To be sure, the attempt at violence was there. And to be sure, the police were right to identify this as a case of assault and haul the perpetrator away. All the lurid fictions, however – the tales of betrayal, of passion, of dark secrets – now appear entirely unjustified. Instead it appears that anime otaku, like all other people, are capable of losing their temper and lashing out. When this happened, the police were there and the situation was under control.
Is that truly so surprising?
Officer Stafford describes most of the attendees of this years Comic-Con as peaceful, saying “They don’t drink, so that cuts down on the fights.”
– LA Times
If you’re dead set on selling an image of otaku as dangerous, antisocial, and violently out of control, perhaps it is unsurprising when rumors of a stabbing start, or surprising when they turn out to be vastly exaggerated. Viewed with some perspective, though, this minor altercation is just business as usual for a large convention. The real surprise is that people keep playing to stereotypical expectations instead of heeding the true story.
A wild stabbing spree took place outside of the Apple Store downtown, police sources said.
The violence took place at around 6 p.m., at the corner of 14th Street and 9th Avenue. Four people were stabbed, although none of the injuries were life threatening, the sources said.
That’s it. At its initial posting, that is the entirety of the NBC New York article on the stabbing outside an Apple Store.
Contrast that with the punditry that arose immediately after the Akihabara stabbing.
Why the double standard? Both cases are ultimately senseless crimes, where one man – for reasons we will never fully understand – inexplicably decided that attempting to kill random bystanders with a knife was a good idea. In the Akihabara incident, much was made of factors that the victims and the perpetrator had in common.
Many young people are selfish and immature and such violence is a manifestation of this.
The Sunday Times was also not above emphasizing the abnormality of the victims, calling the stabbing “the arrival of real-life violence in a part of town that specialises in fantasies.”
That phrasing could just as easily apply to Los Angeles, or to New York. Where are the talking heads, eager to dismiss the New York stabbing as something that happens in a land of fantasy? In a sense, perhaps a multiple stabbing in New York is relatively unremarkable, especially on the heels of shooting in Times Square. But the contrasting reactions serve as a stark reminder that anime otaku are treated differently by news media, even in the West.
What better time than now to release an absurd show? And how much more absurd does it get than Strike Witches, a show about pantsless magical schoolgirls who put on robot parts and nekomimi to fight for their countries?
Accepting absurdity is not easy. Some people may complain that, for instance, a blacksmith should wear some pants. But this is the old way of thinking. These standards of believability have already been dealt a mortal blow! In fact, anime has already visited the topic of magical blacksmithing in great detail, and not only is it OK to smith without pants, it is OK to do so without hammer, anvil, quenching liquid, or even fire! Magic has supplanted all of these. The Strike Witches already engage in life-and-death combat without pants; compared to that, why should the entirely controllable rigor of blacksmithing compel them to don pants?
Do not hesitate: he who hesitates is lost. Do not fear: we have nothing to fear but fear itself, and recursion is utterly passe. Stride forth boldly, and embrace the future! Dare to dream of a pants-free world!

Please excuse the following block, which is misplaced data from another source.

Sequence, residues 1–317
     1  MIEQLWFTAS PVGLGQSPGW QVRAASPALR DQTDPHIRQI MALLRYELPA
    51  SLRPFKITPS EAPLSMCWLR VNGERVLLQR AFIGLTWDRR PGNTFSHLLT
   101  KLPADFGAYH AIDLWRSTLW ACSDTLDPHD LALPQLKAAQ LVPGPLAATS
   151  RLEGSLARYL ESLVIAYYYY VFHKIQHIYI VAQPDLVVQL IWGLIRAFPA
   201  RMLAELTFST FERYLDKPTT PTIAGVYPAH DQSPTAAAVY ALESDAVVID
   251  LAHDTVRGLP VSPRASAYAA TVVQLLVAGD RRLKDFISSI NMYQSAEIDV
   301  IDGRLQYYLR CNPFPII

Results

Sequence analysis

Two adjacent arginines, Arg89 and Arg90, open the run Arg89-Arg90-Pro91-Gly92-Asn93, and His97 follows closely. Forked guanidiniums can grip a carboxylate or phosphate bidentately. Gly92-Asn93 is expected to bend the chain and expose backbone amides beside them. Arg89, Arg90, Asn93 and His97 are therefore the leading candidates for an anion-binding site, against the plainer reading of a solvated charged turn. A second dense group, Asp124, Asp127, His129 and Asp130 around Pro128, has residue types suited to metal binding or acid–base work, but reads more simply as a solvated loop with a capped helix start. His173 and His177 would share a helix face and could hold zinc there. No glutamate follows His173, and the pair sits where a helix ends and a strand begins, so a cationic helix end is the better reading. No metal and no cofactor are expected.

Of course, it’s possible – just possible – that I’m biased in my assessment. I mean, I’m not wearing any pants.
It’s not Kaicho wa Maid-sama and The Game that I find funny, mind you. It’s anime otaku and The Game.
In a sense, this would seem to be a perfect match: take clueless, dateless, raging nerds, and inculcate them with the techniques passed down by the dating equivalent of kung-fu masters. Surely that should bring about a change in their lives! Yes; let’s train sex-starved, antisocial men in a series of techniques that teach them to manipulate and objectify the other sex, then turn them loose on the dating scene.
Traditionally in Japan young girls were assumed to be maidens, to the point where the terms were at times used interchangeably. Perhaps in today’s sex-positive, metropolitan world, it’s assumed that youngsters of both genders will fool around.
In that light, B gata H kei appears to be something of a deconstruction of high schoolers’ attitudes towards sex. The details strain credulity (aiming for 100 casual sex partners in high school? Really?) but the overall idea that impressionable and insecure teens feel obligated to put on airs is dead on. It’s interesting that so much of the main character’s insecurities rest on the gross physical details of her anatomy, but what better symbol for the teenaged preoccupation with sex?
Sometimes, people hate what they don’t understand. Sometimes, politicians go so far as to demonstrate this hatred on the public record.
State Representative Nickolas Levasseur (D-NH), pictured to the right above, posted to Facebook:
Anime is a prime example of why two nukes just wasn’t enough.
Leaving aside whether or not the Representative personally enjoys anime, this is an elected official joking about deploying atomic weapons on a civilian population simply because he dislikes their TV shows.
The recent theft of costumes and props from an AKB48 set highlights an interesting behavioral pattern. Viewed in a harsh light, it might be seen as a kind of voodoo, a ritual shamanism: obtaining relics of important people so as to be nearer to them and draw upon their power.
Mainichi Japan concludes its article on the incident with a tell-tale quote: “We intended to sell the items after getting tired of looking at them.” At once the frivolity of the exercise is laid bare: having no practical use for girls’ clothing or specially made signboards, all the boys really could do is look at the objects.